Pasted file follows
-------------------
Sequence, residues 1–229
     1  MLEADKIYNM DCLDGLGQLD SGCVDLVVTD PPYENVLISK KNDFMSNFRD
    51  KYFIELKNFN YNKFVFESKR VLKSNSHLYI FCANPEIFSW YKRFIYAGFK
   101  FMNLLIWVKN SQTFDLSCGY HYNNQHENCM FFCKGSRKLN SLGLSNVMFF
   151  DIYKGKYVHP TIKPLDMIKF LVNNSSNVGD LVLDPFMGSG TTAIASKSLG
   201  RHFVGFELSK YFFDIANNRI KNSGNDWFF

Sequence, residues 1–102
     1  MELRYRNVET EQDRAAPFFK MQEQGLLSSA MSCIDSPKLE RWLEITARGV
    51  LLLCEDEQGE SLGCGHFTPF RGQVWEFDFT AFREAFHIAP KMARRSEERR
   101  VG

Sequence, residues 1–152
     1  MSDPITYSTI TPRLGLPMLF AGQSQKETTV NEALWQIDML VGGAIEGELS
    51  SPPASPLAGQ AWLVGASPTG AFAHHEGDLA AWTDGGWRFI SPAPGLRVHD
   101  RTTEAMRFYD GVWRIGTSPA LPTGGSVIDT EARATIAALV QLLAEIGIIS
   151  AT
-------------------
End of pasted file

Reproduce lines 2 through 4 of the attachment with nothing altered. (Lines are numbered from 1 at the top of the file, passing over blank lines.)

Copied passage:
     1  MLEADKIYNM DCLDGLGQLD SGCVDLVVTD PPYENVLISK KNDFMSNFRD
    51  KYFIELKNFN YNKFVFESKR VLKSNSHLYI FCANPEIFSW YKRFIYAGFK
   101  FMNLLIWVKN SQTFDLSCGY HYNNQHENCM FFCKGSRKLN SLGLSNVMFF